• Questions regarding residents' satisfaction with their education and work, rated on 11-point scale (0 = completely unsatisfied, 10 = completely satisfied)
  • Residents' perceptions of how education and work may have changed after duty hours were limited, specifically the amount of time spent in activities after duty-hour reduction, rated on a five-point scale (1 = less time, 5 = more time), and the perceived impacts of the new system with the following responses: negative, no impact, and positive impact

We collected questionnaires from internal medicine residents at UCSF for four months after duty hours were reduced starting in March 2003, one month after implementation of the system change to reduce duty hours until June 2003, to ensure residents had time to experience the system changes. During this time, 164 residents were eligible to participate. To maximize the number of respondents, we mailed a questionnaire to residents' home addresses with a US $3 financial incentive and sent multiple follow-up reminders to nonrespondents via e-mail, postal mail, and in conferences. Questionnaires were randomly coded to track response rates and these codes were removed prior to data entry to ensure confidentiality. Data were entered by a professional vendor and double-keyed to ensure accuracy with no errors detected. Participation was voluntary and consent was implied with return of the questionnaire.

Statistical analysis

We used univariate statistics to characterize the distribution of residents' responses; repeated measures analysis of variance (ANOVA) were then used to determine the statistical significance of differences between mean ratings of educational activities and interfering administrative tasks.

We tested four items intended to measure work satisfaction (“During your most recent inpatient rotation work week, how satisfied were you with the following? A. workload, B. work life, C. quality of patient care provided and D. quality of teaching provided”) using Spearman correlation analyses. These analyses confirmed responses to the four items were highly correlated allowing us to combine them to form a single work satisfaction summary score. This score was calculated as the mean of each resident's responses to the four items, and yielded a scale ranging from 0 to 10. The scale appeared to be reliable with internal consistency (Cronbach's alpha 0.86). Our measure of educational satisfaction was a single item reported on a 0–10 scale.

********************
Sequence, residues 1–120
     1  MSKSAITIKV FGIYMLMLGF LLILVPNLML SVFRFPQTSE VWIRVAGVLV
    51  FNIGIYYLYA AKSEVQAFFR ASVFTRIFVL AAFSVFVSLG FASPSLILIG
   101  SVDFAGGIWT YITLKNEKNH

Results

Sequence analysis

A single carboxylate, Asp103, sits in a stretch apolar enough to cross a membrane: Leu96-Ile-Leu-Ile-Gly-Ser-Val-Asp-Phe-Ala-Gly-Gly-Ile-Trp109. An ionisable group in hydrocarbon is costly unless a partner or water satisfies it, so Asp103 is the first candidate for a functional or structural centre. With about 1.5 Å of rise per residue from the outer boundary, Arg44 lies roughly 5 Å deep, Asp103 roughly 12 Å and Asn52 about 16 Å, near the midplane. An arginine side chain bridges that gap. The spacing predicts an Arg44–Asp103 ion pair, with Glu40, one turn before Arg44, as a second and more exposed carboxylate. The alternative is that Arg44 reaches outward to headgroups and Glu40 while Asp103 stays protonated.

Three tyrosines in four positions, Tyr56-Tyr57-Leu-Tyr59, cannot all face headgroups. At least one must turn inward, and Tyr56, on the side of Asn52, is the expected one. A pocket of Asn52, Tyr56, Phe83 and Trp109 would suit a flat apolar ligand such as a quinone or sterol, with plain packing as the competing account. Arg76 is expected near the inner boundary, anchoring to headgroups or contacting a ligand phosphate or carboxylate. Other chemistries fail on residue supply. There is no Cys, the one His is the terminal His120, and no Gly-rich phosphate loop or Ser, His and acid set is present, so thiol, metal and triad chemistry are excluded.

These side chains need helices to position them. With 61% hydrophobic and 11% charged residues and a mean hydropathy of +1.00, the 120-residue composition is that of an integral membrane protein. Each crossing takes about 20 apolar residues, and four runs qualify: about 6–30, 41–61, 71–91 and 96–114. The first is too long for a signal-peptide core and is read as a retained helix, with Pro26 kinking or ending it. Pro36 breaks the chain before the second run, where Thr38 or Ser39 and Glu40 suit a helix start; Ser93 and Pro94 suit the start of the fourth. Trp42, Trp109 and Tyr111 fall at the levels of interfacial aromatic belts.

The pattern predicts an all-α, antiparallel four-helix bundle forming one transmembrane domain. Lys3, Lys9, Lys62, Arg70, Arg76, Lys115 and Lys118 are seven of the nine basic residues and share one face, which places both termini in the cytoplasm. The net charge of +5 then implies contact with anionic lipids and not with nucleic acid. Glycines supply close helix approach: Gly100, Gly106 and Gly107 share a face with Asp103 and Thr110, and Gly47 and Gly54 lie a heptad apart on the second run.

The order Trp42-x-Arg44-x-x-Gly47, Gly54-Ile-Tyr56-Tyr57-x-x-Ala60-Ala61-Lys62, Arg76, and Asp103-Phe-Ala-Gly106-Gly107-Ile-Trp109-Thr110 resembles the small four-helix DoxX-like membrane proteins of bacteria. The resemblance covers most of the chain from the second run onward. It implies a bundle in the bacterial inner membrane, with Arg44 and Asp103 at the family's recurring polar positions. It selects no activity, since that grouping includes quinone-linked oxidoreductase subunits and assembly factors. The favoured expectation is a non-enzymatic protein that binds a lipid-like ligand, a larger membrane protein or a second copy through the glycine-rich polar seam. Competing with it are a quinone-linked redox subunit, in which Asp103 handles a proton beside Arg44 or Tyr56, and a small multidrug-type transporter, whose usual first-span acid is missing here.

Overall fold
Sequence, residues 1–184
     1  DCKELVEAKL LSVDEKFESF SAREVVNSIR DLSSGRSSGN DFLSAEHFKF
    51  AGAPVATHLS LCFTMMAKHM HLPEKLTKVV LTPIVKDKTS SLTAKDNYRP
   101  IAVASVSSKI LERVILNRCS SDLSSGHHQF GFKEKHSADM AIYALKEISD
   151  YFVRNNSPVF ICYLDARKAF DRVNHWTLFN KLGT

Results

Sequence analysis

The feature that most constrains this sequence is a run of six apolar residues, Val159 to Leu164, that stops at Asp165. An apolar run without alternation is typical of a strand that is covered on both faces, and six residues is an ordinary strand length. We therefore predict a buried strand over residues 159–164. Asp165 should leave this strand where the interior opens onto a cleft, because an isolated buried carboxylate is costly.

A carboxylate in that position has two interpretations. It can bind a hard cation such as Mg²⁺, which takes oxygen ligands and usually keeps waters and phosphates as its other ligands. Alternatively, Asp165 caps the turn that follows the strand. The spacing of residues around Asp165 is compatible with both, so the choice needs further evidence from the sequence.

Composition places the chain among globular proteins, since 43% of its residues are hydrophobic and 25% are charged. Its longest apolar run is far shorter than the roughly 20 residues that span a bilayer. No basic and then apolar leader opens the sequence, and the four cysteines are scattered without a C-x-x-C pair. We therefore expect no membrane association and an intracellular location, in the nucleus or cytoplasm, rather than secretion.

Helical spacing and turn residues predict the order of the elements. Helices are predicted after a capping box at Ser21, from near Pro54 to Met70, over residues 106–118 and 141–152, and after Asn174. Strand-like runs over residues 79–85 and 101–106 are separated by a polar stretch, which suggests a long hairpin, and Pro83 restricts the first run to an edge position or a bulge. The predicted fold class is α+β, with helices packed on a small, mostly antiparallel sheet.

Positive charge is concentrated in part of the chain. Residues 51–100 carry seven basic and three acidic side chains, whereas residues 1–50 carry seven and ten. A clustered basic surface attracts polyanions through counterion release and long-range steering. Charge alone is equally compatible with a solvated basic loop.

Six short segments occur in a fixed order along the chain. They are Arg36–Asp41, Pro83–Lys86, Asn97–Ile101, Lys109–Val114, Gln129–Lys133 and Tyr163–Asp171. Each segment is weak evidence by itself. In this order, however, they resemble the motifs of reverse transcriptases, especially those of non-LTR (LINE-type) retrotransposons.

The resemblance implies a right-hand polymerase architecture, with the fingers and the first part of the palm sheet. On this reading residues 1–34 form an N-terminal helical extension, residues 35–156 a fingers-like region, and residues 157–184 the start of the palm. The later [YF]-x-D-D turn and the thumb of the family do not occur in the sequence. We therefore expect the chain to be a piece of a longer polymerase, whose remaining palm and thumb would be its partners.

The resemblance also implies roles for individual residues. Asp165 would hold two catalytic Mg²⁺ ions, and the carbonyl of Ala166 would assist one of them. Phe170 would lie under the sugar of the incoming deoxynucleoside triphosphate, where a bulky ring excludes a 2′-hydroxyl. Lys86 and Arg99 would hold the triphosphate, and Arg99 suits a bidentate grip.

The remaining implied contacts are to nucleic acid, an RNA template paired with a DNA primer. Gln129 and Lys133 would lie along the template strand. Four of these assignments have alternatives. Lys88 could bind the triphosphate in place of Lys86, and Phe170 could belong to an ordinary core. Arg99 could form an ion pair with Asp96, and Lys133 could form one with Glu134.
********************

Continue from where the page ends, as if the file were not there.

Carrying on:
Multivariate linear regression models were used to identify factors associated with both the work satisfaction summary score and the educational satisfaction score. We selected variables for entry into the regression models based on observed bivariate relationships with the dependent variable and confounding with other independent variables. Covariates in multivariable models included: age (>30 years versus ≤ 30 years), sex, postgraduate year, type of program (primary care versus categorical), perceived percentage of time spent on administrative tasks (non-MD tasks: less than 50% versus greater than 50%), feeling overwhelmed at work, and whether the individual reported working more than 80 hours per week even after work-hour limitations were implemented. We performed all analyses using SAS version 8.12 (SAS Institute Inc., Cary, NC.).


A total of 125 residents (76%) returned completed questionnaires. Comparing demographic data known on all residents, sex (p > .2), level of training (p > .45), and type of program (p > .6) were similar between respondents and nonrespondents. Respondents were equally distributed among year of training (PGY-1, 36.6%; PGY-2, 35.8%; PGY-3, 27.6%). Most respondents were female (60%), enrolled in the categorical residency track (62%), and younger than 30 years of age (70%) (Table 1). All residents stated that they were aware of the system changes intended to reduce duty hours to fewer than 80 per week and 92% (n = 115) of residents responded they believed that residents should work fewer than 80 hours a week. At the time of the study, all residents had experienced an inpatient ward month prior to and after the system changes. Thirty-five percent (n = 44) stated that they had worked more than 80 hours per week during their most recent inpatient rotation after the system changes for reducing duty hours.

Table 1
Table 1:
Characteristics of Residents Who Responded to a Questionnaire on the Impact of Reduced Duty Hours on Educational Satisfaction, Three Clinical Sites, University of California, San Francisco, School of Medicine, 2003

Perceived value of educational activities

Residents' ratings of educational activities are shown in Figure 1. Using ANOVA techniques to determine statistically different groups of activities, we were able to define groups of activities that were rated highly, those with intermediate ratings, and those rated least positively.

Figure 1
Figure 1: